BERKELEY, Calif. (JTA) – Plucking a violin on an empty stage, an animated scene of Manhattan skyscrapers scrolling behind her pregnant body, the musician, poet and Torah scholar Alicia Jo Rabins begins to sing what sounds like a mystical incantation of sorts.
“Bring me your empty jar, I will fill it,” she intones. “Where it comes from, I can’t tell you, no one knows.”
Inspired by the biblical story of the prophet Elisha, Rabins, 37, is musing in the broadest possible terms about the crimes of Bernard Madoff, whose decades-long Ponzi scheme and the resulting fallout — particularly in the Jewish community — led to the creation of her first experimental rock opera, “A Kaddish for Bernie Madoff.”
Rabins’ one-woman show, which had its California premiere last month at the Berkeley Jewish Music Festival and will be released next week as a digital download, parses the unholy ground of Madoff’s crimes through the eyes of seven disparate characters with both direct and indirect ties to the $50 billion scam.
Over the course of two years Rabins – who with a workspace grant from the Lower Manhattan Cultural Council was working out of an abandoned Wall Street office when news of the scandal broke – conducted interviews with a wide-ranging cast of characters, from a Jewish-Buddhist monk who offered philosophical reflections to a Wall Street risk analyst who saw the writing on the wall.
‘I wanted to consider whether a modern, secular excommunication might be warranted. I mean, if not Madoff, then who?’
“I wanted to have a Jewish response to Bernie Madoff,” Rabins said over coffee in Portland, Ore., where she moved last year from Brooklyn, N.Y., with her husband and 2-year-old daughter, Sylvia. “I grew interested in the ancient rituals of excommunication, and so I wanted to consider whether a modern, secular excommunication might be warranted. I mean, if not Madoff, then who?”
A classically trained violinist who spent eight years touring with the Brooklyn-based klezmer punk band Golem, Rabins was able to explore that question in depth while developing her Madoff rock opera with a grant from the Six Points Fellowship for Emerging Jewish Artists. More recently, she was awarded a $50,000 grant from the Covenant Foundation to fund the creation of an arts-based educational curriculum focusing on women in Torah.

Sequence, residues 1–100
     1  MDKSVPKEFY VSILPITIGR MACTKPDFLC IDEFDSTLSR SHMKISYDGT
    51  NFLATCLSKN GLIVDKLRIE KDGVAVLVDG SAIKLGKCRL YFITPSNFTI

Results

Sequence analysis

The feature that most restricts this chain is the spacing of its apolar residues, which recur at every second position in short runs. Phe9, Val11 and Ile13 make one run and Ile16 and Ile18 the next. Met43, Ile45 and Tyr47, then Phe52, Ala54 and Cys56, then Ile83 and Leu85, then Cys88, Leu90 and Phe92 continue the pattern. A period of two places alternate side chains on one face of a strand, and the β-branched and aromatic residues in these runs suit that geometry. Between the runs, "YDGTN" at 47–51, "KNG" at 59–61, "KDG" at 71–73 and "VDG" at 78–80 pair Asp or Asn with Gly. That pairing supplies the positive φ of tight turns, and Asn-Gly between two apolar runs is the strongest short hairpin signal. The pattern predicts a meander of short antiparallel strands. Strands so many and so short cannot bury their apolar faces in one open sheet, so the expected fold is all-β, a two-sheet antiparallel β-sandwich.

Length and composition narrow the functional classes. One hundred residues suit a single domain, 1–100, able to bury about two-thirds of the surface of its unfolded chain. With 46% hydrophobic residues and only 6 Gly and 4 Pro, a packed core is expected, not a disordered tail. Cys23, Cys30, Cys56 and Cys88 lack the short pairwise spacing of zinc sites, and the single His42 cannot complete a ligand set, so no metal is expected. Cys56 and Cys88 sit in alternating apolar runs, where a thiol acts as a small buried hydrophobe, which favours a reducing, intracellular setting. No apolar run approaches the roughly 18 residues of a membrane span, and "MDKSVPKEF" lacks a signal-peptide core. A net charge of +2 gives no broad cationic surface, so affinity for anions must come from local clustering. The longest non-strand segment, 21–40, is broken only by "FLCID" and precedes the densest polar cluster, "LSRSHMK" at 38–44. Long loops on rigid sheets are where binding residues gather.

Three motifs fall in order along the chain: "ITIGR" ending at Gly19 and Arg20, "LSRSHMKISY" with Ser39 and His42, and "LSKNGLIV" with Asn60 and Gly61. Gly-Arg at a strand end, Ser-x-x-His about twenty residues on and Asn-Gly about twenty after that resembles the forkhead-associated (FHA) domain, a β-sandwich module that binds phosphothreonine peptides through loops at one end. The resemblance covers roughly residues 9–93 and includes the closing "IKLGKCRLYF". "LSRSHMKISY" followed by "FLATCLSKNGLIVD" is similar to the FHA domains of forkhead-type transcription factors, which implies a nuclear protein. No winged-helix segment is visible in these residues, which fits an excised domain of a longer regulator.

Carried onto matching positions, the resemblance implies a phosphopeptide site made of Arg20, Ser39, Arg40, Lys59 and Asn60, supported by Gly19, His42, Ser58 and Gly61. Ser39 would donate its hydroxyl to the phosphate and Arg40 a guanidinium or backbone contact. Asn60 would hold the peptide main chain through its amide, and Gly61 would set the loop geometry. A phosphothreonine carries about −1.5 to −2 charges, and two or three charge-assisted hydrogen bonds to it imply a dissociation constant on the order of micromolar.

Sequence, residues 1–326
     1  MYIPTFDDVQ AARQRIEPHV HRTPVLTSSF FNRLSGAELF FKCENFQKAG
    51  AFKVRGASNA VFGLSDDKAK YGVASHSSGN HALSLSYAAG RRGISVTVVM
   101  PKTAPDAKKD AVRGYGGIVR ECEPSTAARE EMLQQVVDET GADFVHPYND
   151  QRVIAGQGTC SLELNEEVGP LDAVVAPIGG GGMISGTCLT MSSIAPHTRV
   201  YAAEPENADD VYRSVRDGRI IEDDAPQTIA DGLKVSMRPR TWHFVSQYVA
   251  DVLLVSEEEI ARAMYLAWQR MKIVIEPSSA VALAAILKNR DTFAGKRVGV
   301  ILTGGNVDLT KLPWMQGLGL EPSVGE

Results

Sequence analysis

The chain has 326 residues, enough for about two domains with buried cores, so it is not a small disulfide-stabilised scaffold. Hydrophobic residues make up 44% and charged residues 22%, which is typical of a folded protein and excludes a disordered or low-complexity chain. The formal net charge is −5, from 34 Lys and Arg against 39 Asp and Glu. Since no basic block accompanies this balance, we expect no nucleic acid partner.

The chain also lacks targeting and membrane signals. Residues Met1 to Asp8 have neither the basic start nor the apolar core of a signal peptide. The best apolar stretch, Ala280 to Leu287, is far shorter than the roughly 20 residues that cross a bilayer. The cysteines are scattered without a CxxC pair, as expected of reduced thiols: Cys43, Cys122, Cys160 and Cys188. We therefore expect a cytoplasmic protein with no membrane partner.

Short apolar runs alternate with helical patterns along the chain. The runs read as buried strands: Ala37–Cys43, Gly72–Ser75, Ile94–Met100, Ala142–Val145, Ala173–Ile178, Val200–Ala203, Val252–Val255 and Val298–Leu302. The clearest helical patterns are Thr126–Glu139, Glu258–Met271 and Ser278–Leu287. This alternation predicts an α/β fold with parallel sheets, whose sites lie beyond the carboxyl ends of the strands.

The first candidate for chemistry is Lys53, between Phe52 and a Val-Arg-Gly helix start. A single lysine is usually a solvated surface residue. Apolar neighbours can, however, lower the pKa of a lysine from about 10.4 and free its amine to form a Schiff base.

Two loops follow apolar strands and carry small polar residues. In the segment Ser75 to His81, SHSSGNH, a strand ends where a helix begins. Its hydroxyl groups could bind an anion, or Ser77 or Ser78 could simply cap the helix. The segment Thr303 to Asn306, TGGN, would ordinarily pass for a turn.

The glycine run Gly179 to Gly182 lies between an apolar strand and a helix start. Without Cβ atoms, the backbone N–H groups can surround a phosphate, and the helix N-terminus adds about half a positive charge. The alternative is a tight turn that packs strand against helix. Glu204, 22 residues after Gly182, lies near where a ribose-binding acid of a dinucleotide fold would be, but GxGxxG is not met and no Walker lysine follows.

The Covenant Foundation grant – one of the most prestigious in the field of Jewish education – came as a direct outgrowth of Rabins’ work with Girls in Trouble, the biblically inspired art-rock song cycle that first put her on the Jewish cultural map. With two CDs under her belt, Rabins is preparing to record a third album in Portland this summer with the help of yet another recent grant — this one from Portland’s Regional Arts & Culture Council.
Drawing its inspiration from stories of Bible women — including Tamar, Miriam and Hannah — Girls in Trouble began as Rabins’ master’s thesis at the Conservative movement’s Jewish Theological Seminary in New York. After two years of Torah study in Jerusalem (and a regular Tuesday night gig at a bar near Ben Yehuda Street), Rabins eventually returned to New York City to complete her graduate degree in Jewish women’s studies.
Knowing her musical repertoire, which had expanded to include bluegrass music during her undergraduate years at Barnard College, Rabins’ thesis adviser suggested that she turn her research on women and music in midrash, or Torah commentary, into songs.
“What I was really interested in was the internal, emotional experience of the women in the stories,” Rabins said of her inaugural work with Girls in Trouble. “In the darkest times, there was a power that came through, and I wanted to focus on that.”
Rabins’ symphonic take on the complicated lives of biblical women struck a chord, and it wasn’t long before she was recording her first album with JDub Records, the now-defunct independent Jewish music label. Bassist Aaron Hartman, who Rabins married three months before the release of her debut album, joined the band after he heard her rhapsodizing about the project at a Brooklyn bar. Since then, the pair has toured the United States and Europe together, playing everywhere from The Smell in Los Angeles to the Great Synagogue in Stockholm.
‘Ancient midrash and post-punk violin should not work together, but she makes it happen’
“Alicia is able to combine a deep rigor and familiarity with Jewish text with a cutting-edge artistic sensibility,” said Daniel Schifrin, the former director of public programs for San Francisco’s Contemporary Jewish Museum, who commissioned Rabins to compose a piece on the biblical handmaid Hagar. “Ancient midrash and post-punk violin should not work together, but she makes it happen.”
Perhaps what is most striking about the multitalented songstress, who grew up in Baltimore and spent her high school years sneaking out to punk shows, is her sheer range.
A critically acclaimed poet who has published work in Ploughshares and the American Poetry Review, Rabins also is a sought-after b’nai mitzvah tutor for unaffiliated Jewish families, and a U.S. cultural ambassador. In 2009, she traveled with the U.S. State Department to five countries in Central America to play fiddle music and teach American folk traditions. Her second mission, in 2011, took her to Kuwait.
When she’s not touring with Girls in Trouble, editing the manuscript for her first book of poems or baking ginger snaps with her daughter in north Portland, Rabins can be found writing a weekly Torah commentary for the Jewish parenting site Kveller.com.
“It sounds like I’m doing a million different things,” Rabins said. “But for me they’re all expressions of the same impulse to find meaning and beauty in the work of creation.”